National Institutes of Health

Contact: Karen Teber
km463@georgetown.edu
Georgetown University Medical Center

Public Release: 30-Sep-2014
NIH taps lab to develop sophisticated electrode array system to monitor brain act
The National Institutes of Health awarded Lawrence Livermore National Laboratory a grant today to develop an electrode array system that will enable researchers to better understand how the brain works through unprecedented resolution and scale.
National Institutes of Health

Contact: Ken Ma
ma28@llnl.gov
925-423-7602
DOE/Lawrence Livermore National Laboratory

Public Release: 30-Sep-2014
Integrative Biology
High-speed drug screen
Massachusetts Institute of Technology engineers have devised a way to rapidly test hundreds of different drug-delivery vehicles in living animals, making it easier to discover promising new ways to deliver a class of drugs called biologics, which includes antibodies, peptides, RNA, and DNA, to human patients.
National Institutes of Health, Packard Award in Science and Engineering, Sanofi Pharmaceuticals, Foxconn Technology Group, Hertz Foundation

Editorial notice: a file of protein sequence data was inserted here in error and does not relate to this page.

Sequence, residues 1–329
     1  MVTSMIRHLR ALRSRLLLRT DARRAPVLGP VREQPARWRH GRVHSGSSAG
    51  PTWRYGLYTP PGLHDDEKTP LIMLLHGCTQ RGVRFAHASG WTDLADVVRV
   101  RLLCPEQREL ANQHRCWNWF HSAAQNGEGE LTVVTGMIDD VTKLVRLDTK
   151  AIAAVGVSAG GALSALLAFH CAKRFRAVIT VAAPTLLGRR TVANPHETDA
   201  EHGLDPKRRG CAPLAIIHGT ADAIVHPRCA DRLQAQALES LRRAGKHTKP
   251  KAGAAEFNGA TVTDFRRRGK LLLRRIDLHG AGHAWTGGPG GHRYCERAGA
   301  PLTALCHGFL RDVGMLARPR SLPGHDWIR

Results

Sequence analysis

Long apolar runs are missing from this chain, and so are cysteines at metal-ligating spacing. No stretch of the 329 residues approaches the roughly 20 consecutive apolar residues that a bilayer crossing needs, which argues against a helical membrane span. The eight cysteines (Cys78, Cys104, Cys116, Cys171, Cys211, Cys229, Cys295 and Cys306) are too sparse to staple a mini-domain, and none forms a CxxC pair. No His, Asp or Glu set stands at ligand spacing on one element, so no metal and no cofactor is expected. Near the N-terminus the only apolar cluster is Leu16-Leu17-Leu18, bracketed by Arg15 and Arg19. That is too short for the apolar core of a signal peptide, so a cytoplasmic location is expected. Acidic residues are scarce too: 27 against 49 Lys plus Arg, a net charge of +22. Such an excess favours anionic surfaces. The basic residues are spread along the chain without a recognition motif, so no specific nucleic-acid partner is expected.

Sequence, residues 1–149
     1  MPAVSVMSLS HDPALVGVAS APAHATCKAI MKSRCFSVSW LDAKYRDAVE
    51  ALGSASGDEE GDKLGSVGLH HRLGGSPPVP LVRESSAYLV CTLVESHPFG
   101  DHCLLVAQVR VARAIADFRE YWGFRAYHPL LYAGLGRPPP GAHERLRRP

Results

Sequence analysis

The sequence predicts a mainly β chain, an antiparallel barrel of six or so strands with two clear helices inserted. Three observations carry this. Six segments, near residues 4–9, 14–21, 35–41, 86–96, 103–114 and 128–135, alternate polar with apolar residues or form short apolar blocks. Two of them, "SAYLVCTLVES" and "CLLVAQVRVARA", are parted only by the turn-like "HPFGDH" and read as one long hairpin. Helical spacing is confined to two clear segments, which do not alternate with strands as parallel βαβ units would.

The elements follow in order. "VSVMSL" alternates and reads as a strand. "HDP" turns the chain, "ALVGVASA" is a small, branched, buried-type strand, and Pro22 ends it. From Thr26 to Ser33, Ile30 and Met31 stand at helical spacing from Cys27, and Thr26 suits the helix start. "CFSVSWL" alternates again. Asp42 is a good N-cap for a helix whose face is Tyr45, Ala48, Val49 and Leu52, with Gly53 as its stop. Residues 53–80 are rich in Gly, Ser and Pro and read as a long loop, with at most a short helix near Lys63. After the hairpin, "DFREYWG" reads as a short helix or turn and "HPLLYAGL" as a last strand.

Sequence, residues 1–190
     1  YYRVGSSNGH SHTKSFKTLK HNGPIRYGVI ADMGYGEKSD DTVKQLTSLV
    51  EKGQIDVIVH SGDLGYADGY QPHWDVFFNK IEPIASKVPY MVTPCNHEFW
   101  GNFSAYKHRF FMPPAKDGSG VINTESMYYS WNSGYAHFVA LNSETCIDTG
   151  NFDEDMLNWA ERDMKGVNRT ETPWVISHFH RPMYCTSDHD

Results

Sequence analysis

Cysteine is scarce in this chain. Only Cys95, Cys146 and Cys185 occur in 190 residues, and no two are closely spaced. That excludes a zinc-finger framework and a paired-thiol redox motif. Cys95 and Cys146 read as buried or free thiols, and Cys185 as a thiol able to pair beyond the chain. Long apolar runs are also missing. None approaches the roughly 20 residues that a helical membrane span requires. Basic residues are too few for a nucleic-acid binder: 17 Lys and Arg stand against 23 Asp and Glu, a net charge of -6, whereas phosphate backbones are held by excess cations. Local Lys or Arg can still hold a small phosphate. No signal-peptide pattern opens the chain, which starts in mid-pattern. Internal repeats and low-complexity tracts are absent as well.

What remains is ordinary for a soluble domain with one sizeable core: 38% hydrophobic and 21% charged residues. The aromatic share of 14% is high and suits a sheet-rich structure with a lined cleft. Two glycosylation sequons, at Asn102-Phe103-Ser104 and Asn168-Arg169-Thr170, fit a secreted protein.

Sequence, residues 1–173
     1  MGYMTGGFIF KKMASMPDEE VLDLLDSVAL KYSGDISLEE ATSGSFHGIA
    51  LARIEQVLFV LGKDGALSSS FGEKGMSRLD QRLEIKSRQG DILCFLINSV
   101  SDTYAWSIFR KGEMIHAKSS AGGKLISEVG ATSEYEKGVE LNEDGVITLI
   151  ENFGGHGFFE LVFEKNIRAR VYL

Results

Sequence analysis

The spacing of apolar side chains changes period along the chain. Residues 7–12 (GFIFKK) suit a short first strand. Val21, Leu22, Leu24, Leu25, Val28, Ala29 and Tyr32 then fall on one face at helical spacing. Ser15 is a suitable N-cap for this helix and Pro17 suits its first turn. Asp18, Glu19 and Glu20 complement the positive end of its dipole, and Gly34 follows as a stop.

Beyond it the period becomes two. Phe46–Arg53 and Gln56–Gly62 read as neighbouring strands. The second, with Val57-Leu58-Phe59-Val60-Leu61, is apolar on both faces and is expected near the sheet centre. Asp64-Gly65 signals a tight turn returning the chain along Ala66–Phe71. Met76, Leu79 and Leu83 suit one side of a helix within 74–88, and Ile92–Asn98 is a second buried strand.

Contact: Sarah McDonnell
s_mcd@mit.edu
617-253-8923
Massachusetts Institute of Technology

Public Release: 30-Sep-2014
Dermatology and Therapy
Antioxidant found in grapes uncorks new targets for acne treatment
UCLA researchers have demonstrated how resveratrol, an antioxidant derived from grapes and found in wine, works to inhibit growth of the bacteria that causes acne. The team also found that combining resveratrol with a common acne medication, benzoyl peroxide, may enhance the drug's ability to kill the bacteria and could translate into new treatments.
Women's Dermatologic Society, National Institutes of Health

Contact: Rachel Champeau
rchampeau@mednet.ucla.edu
310-794-2270
University of California - Los Angeles Health Sciences

Public Release: 30-Sep-2014
New England Journal of Medicine